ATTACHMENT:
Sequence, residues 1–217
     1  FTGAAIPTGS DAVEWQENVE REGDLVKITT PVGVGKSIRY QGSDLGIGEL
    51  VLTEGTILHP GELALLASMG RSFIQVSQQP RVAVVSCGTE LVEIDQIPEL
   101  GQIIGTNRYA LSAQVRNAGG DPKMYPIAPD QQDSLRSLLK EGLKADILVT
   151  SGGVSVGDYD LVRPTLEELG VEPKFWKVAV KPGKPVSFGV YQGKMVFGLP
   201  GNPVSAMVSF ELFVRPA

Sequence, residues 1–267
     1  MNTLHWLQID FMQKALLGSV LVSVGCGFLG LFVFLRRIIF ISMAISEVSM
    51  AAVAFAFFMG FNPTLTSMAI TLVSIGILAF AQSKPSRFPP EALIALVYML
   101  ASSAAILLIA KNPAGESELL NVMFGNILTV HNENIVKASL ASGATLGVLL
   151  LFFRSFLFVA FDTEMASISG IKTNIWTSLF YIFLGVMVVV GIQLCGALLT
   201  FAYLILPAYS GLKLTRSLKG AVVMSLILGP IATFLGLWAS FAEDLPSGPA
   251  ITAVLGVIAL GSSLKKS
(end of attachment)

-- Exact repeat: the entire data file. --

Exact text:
Sequence, residues 1–217
     1  FTGAAIPTGS DAVEWQENVE REGDLVKITT PVGVGKSIRY QGSDLGIGEL
    51  VLTEGTILHP GELALLASMG RSFIQVSQQP RVAVVSCGTE LVEIDQIPEL
   101  GQIIGTNRYA LSAQVRNAGG DPKMYPIAPD QQDSLRSLLK EGLKADILVT
   151  SGGVSVGDYD LVRPTLEELG VEPKFWKVAV KPGKPVSFGV YQGKMVFGLP
   201  GNPVSAMVSF ELFVRPA

Sequence, residues 1–267
     1  MNTLHWLQID FMQKALLGSV LVSVGCGFLG LFVFLRRIIF ISMAISEVSM
    51  AAVAFAFFMG FNPTLTSMAI TLVSIGILAF AQSKPSRFPP EALIALVYML
   101  ASSAAILLIA KNPAGESELL NVMFGNILTV HNENIVKASL ASGATLGVLL
   151  LFFRSFLFVA FDTEMASISG IKTNIWTSLF YIFLGVMVVV GIQLCGALLT
   201  FAYLILPAYS GLKLTRSLKG AVVMSLILGP IATFLGLWAS FAEDLPSGPA
   251  ITAVLGVIAL GSSLKKS